A 24-year-old college student Ruman Ghosh died in Kolkata last week. According to news reports, doctors at a Salt Lake hospital found that Ghosh had had a platelet transfusion at a nursing home where he had been previously admitted with dengue. The doctors fund that the student suffered blood infection and acute lung injury that led to septic shock and multi-organ failure. They also said that his platelet count had not dropped enough to warrant the transfusion of 18 units of blood that he received at the nursing home.

With dengue rife across the country in the monsoon season, patients in many cities face this threat.

In Mumbai for instance, the health department has similarly found that unindicated platelet transfusions are causing immune-based disorders that worsen the symptoms of dengue patients and in some cases even lead to death. The city corporation was forced to issue a circular last year asking blood banks and physicians to not offer platelet transfusions to any patient who has dengue. Their efforts seem to be paying off. A review by the Mumbai District AIDS Control Society, which governs blood banks in the city, found that the use of platelets dropped by 12% in 2015 following their circular.

“The drop in the platelet usage shows that unnecessary platelet transfusions were taking place, which stopped after our circular,” said Dr Shreekala Acharya from Mumbai District AIDS Control Society.

Acharya and collaborators from the Brihanmumbai Municipal Corporation last week organised another meeting to review the situation and urged blood banks and doctors to continue the judicious use of platelets.

Why dengue causes platelet drops

According to the National Vector Borne Disease Control Program, 15,099 people have contracted dengue and 26 others have died of the disease between January and July this year. Kerala has recorded the highest morbidity among states. Between January and June this year, the state has recorded 4,060 cases with five people dying of the mosquito-borne infection. Public health experts have declared said that these official numbers are just a tip of a morbid iceberg since several cases and deaths go unreported.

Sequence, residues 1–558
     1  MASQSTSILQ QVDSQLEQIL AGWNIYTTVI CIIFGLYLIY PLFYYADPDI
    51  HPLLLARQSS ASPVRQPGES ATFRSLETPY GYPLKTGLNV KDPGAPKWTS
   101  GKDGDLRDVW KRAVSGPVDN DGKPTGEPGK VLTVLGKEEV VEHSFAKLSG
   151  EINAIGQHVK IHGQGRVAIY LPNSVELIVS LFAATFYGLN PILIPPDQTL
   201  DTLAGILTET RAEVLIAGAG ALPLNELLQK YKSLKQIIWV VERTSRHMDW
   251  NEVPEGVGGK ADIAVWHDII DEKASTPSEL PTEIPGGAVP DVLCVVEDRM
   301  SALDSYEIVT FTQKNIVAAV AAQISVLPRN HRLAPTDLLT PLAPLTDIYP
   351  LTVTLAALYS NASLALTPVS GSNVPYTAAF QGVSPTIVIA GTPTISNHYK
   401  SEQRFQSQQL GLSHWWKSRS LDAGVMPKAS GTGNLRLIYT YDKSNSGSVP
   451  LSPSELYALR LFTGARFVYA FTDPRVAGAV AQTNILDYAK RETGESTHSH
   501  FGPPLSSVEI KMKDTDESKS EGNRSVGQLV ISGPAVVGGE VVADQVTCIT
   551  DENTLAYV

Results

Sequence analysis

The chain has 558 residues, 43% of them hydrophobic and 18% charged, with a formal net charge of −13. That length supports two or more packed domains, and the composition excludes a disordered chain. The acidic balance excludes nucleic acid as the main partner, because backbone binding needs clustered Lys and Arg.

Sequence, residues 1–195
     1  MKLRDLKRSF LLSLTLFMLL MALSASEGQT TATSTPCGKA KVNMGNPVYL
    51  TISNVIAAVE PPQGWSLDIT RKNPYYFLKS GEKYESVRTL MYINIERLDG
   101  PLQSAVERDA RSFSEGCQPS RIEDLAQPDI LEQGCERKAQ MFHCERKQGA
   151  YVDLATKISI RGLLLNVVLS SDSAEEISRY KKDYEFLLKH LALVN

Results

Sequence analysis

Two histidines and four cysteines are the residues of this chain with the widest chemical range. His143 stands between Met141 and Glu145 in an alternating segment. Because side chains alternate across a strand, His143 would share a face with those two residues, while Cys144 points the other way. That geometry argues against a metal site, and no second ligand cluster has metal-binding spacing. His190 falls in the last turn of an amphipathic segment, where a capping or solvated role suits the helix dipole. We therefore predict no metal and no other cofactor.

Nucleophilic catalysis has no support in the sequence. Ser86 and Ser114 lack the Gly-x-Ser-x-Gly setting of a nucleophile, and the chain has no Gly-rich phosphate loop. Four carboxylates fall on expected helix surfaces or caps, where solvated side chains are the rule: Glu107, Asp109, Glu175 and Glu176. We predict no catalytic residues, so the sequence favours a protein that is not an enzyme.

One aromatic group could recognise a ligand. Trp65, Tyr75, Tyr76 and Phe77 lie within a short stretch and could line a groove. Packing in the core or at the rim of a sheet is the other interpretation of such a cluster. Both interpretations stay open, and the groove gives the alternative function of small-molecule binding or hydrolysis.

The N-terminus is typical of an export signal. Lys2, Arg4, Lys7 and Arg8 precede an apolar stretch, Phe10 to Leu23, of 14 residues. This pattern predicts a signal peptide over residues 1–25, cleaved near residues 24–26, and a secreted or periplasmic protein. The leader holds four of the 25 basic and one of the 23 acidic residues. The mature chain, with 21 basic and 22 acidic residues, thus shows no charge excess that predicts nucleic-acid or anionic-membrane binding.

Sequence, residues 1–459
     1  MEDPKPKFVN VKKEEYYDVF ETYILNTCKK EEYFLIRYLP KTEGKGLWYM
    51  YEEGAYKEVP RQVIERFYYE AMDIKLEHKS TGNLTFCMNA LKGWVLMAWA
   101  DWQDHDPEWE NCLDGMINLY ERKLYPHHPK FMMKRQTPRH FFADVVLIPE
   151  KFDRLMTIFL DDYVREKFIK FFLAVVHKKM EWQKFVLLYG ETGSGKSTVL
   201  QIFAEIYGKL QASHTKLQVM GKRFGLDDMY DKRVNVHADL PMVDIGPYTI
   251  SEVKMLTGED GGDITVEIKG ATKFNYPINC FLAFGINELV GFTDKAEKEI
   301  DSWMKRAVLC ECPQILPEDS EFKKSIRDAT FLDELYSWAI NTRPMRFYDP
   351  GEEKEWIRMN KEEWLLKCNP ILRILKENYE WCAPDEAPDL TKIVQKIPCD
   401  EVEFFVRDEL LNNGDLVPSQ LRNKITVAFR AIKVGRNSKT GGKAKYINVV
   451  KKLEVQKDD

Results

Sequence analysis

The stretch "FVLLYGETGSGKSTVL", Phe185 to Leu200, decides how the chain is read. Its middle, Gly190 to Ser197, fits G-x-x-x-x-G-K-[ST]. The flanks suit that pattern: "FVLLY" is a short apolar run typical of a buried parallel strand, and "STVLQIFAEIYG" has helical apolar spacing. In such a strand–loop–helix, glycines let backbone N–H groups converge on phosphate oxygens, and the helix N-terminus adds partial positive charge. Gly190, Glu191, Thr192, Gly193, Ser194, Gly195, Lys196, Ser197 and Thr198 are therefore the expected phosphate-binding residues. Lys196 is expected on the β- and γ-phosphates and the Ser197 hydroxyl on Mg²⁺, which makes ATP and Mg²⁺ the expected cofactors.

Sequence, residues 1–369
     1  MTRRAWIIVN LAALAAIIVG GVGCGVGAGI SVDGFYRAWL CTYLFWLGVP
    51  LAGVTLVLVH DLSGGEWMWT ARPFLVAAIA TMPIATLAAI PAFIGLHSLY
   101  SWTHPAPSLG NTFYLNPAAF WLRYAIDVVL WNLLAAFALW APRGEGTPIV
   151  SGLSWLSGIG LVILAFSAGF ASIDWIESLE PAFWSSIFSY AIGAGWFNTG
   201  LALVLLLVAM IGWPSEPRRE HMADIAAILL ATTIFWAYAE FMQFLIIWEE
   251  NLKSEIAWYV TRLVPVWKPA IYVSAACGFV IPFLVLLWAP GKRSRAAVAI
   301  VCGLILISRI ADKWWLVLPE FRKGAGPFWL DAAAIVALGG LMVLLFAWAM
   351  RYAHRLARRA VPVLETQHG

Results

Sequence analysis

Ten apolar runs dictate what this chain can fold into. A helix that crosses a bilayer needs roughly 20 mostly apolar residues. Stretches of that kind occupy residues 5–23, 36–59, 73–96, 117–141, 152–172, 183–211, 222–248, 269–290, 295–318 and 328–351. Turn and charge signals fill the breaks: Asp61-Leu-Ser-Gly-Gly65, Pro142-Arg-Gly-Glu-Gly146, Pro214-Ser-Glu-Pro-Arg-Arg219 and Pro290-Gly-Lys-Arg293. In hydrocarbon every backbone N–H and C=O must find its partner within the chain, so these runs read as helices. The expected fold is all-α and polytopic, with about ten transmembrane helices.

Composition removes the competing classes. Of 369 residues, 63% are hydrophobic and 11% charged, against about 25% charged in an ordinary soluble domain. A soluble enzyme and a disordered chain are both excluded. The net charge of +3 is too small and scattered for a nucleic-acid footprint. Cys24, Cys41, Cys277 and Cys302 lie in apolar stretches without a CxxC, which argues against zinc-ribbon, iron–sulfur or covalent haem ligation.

Dengue is a mosquito-borne infection spread by the Aedes aegypti species. A patient bitten by a mosquito infected with the dengue virus can develop the infection which has no specific treatment. The dengue virus causes suppression of bone marrow, which manufactures blood cells. So a dengue infections leads to fewer blood cells being produced that in turn leads to a fall in the number of platelets in the body. The normal platelet count of a health human being is 1,50,000 to 4,50,000 per microlitre of blood. Since platelets are also responsible for clotting, a very low count of below 20,000 causes bleeding complications and this is when doctors usually prescribe transfusions.

Platelets versus platelet

Since 2010, Mumbai has recorded 42 dengue-related deaths and the civic body has started analysing the factors that could have caused these deaths.

During the meetings of the committee, infectious disease expert, Dr Om Shrivastav highlighted the excessive use of platelets in treating dengue patients. “Each time a patient is given a platelet transfusion, the patient’s own body starts making platelet antibodies,” he said. “Hence, when the patient actually needs platelets and is administered with it, the body’s immune system gets to work. The additional platelets are chewed up by the body’s immune system which only worsens the patient’s condition.”

Shrivastav said that doctors often given platelet transfusion to patients when they don’t really need them leading to the consumption of close to 3 lakh units of platelets in Mumbai in 2015. Mumbai. “Owing to this practice, the transfusions don’t work, when the patient actually need it,” he added.

A study by doctors at the Bangalore Medical College and Research Institute also highlights the unnecessary use of blood platelets. The study published in the International Journal of Clinical Cases and Investigations concluded that platelet transfusion does not appear to be necessary in all patients with dengue, even those with severe thrombocytopenia – a condition where there is bleeding in the tissues.

To make sure that the new guidelines are followed, Mumbai’s civic body asked doctors to maintain records of patients to whom they prescribe platelet transfusions and the reason for the prescription. Blood banks have also been asked to alert the health department if they receive too many requests of platelets from a specific doctor. Civic officials claim that this system that has been in place since last year has helped them to control dengue mortality.

This year, so far, no dengue-related death has been recorded in Mumbai, according to the health department.